So obviously I didn’t just want to give away the book, I also wanted to hear from John some of the lessons he’s learned that especially apply to the FIRE community. (And keep reading to enter to win a signed copy of Make Time.)
Tanja: Thanks for taking the time for a Q&A, John, and congrats on the new book! I loved reading it, and feel like there’s a ton in it that will resonate with folks pursuing financial independence, early retirement or some alternate life vision, namely the emphasis on focusing on what’s important to you and creating systems to get rid of all the non-essential time clutter.
John Zeratsky: Even though this book is about time, not money, I got a lot of inspiration from the FIRE community while writing it. Make Time is about examining, questioning, and changing the defaults that unconsciously drive our everyday decisions about time. And FIRE folks do the same thing, taking a skeptical look at so-called “normal” money behaviors so they can design a remarkable life for themselves.
T: I love the idea of the design sprint, which is what your last book is all about, and even if it’s not exactly the same, I was really inspired by the concept of the sprint, and use similar thinking when I’m trying to get through big projects that require a lot of problem solving. Just to give folks some background, how would you explain a design sprint for those who aren’t in tech or design? Is it something people can use outside of work, in their daily lives? (Because you know I love busting the myth that anything is just for tech folks.)
JZ: 🤓 A design sprint is a structured 5-day process for any team who wants to quickly test something new before committing weeks or months or years of time to it. In a sprint, teams work together face-to-face to generate solutions, decide which ones are most promising, build a prototype of those solutions, and test with real customers.
We developed it while working with tech startups in Silicon Valley, but it can be used for any kind of new product, marketing, process… or anything really! We’ve heard stories of sprints from Prudential Insurance, the United Nations, the British Museum, KLM (the airline), and plenty more teams. Many of those are published at Sprint Stories.
T: You’ve managed to design a pretty sweet lifestyle for yourself, going on an extended sailing trip, writing multiple books, and now working only on projects that you’re passionate about. With so much flexibility built into your life, do you find it easy to make time for everything you want to do, or do you still need a system like the one in the book to help you? (Like, ahem, I still do.)
JZ: I definitely struggle with distraction, focus, and energy. Modern technologies like smartphones and social media are SO compelling and SO addictive, it’s easy to get sucked in. And there’s such a strong default orientation in our culture toward doing more and doing it faster: responding to emails, saying yes to meetings, volunteering for projects, etc.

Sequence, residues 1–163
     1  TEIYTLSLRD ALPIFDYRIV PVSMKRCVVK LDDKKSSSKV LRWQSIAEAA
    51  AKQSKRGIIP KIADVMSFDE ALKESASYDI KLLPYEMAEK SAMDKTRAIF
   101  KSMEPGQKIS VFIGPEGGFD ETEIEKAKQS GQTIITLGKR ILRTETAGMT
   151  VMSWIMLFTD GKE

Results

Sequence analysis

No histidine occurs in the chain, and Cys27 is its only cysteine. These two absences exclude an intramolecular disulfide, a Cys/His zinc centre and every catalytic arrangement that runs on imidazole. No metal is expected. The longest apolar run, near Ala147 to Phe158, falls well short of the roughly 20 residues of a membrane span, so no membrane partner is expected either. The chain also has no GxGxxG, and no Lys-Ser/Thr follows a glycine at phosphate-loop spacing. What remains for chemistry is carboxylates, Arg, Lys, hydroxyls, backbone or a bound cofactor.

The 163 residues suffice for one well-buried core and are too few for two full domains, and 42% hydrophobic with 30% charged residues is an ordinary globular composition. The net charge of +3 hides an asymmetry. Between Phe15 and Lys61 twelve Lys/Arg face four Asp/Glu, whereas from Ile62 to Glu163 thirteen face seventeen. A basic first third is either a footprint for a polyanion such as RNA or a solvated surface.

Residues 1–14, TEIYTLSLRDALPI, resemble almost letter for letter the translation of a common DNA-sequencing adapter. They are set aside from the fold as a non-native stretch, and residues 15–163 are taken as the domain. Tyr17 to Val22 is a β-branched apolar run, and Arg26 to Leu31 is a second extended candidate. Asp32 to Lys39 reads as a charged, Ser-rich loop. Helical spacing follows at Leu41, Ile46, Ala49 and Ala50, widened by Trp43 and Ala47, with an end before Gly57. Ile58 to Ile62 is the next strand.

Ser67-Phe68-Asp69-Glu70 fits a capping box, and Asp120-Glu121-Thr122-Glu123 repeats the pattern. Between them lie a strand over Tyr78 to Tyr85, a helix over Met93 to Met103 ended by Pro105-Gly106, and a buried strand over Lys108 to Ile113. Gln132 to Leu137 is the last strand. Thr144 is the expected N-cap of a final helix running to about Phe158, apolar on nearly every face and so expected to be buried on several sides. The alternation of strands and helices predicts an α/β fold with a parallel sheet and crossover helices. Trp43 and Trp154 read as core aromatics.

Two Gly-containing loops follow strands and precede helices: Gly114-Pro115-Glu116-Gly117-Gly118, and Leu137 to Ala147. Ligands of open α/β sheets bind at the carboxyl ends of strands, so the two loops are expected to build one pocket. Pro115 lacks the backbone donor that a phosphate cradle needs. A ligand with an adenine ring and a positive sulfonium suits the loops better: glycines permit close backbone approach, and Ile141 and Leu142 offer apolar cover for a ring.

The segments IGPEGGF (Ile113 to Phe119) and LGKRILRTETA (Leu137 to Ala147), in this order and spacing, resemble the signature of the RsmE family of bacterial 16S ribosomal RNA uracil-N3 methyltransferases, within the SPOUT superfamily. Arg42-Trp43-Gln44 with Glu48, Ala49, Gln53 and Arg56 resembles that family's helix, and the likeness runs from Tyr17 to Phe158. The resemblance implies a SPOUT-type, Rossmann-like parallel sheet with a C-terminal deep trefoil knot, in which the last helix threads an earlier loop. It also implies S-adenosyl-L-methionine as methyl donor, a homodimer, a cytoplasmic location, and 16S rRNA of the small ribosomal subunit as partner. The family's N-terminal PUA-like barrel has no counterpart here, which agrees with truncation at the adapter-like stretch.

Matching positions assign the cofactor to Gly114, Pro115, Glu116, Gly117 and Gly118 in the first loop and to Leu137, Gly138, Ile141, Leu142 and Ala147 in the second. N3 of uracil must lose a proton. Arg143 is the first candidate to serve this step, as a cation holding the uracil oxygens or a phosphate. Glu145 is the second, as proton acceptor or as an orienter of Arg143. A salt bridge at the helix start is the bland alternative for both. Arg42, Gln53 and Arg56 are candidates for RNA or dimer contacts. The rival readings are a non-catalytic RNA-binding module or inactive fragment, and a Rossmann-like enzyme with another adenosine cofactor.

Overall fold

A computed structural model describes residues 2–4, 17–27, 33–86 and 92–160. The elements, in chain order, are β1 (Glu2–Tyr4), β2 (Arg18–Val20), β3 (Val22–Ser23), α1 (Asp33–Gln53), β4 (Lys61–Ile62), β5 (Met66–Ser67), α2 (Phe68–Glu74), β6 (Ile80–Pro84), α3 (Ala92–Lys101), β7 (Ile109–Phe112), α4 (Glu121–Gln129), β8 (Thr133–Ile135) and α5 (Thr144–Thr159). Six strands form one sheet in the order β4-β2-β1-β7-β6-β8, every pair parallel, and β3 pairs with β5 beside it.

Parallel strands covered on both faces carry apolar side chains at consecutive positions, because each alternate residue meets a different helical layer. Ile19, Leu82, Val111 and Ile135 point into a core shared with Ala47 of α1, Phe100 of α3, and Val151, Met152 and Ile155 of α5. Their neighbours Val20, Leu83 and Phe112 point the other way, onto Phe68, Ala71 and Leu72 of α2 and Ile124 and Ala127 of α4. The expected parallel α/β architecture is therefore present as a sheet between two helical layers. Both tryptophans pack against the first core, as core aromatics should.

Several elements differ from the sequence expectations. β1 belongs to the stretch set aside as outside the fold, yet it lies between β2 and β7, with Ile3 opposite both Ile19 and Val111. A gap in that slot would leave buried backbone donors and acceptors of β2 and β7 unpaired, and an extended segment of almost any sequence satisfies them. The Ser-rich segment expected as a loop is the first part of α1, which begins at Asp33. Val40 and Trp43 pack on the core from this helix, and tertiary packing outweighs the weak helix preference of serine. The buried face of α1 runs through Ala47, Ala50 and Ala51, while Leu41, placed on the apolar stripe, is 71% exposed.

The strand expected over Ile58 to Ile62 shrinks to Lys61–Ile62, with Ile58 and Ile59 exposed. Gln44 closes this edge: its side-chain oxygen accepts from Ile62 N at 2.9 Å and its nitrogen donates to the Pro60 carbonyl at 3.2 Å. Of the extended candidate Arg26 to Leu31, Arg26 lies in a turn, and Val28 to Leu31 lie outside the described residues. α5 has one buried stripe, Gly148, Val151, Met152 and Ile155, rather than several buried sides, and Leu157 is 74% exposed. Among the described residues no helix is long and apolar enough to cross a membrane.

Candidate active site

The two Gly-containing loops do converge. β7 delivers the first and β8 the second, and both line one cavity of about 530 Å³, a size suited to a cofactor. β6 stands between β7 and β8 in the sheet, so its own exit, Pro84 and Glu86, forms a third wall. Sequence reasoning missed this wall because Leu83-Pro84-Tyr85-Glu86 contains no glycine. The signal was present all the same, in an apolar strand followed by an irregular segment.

One of the secrets to making time is accepting that you can’t do everything. When we focus on productivity, we can do more… but we feel like we have less time because it all makes us busier and more scattered and more distracted. Our goal with Make Time is help people slow down and spend time on the things that are really important—while saying no to the things that we often do by default.
For me, the ideas in Make Time are kind of my guiding principles, or mantras, that I come back to again and again. When I feel myself getting sucked into Infinity Pool apps or swept up in the Busy Bandwagon, I return to the lessons in the book and press the reset button.
T: I think that’s such an important point that we might get a lot done when we focus on productivity, but we end up feeling crazed on on-track for burnout. And oh my gosh, Twitter is totally my Infinity Pool. Certainly many people find that they spend a ton of time on Facebook, Instagram or another social platform and can relate. I know you use Twitter because we’ve chatted there! How do you manage to keep social media and the internet in general from derailing the things you most want to get done?
JZ: Haha, yeah! I love Twitter and I use it a lot. Jake helped design Gmail and I worked at YouTube. So we have a long and tumultuous history with the Internet :) We want to maintain control of our time and attention, but we don’t want to swear off the Internet or social media forever. That’s unrealistic, and besides… these technologies are actually pretty amazing!
Some of the tactics from the book that help me keep it all in perspective:
Distraction-Free Phone—I don’t have any Infinity Pools apps installed on my phone. That means no email, no Twitter, no news, no stock market, etc on my phone. This removes 90% of the temptation to do a “quick” check of email or Twitter or whatever.
Log Out—On my computer, I have changed all my passwords (for Twitter etc) to impossible-to-remember strings and put them in a password manager (I use 1Password). When I’m not using Twitter, I log out. I don’t have it in my bookmark bar or new tab screen. That way, when I semi-unconsciously type “twitter.com” (this happens multiple times a day ☺️) I see the login screen instead of the feed. This forces me to slow down and think, “do I really want to be on Twitter right now?” Sometimes the answer is yes, but often it is no.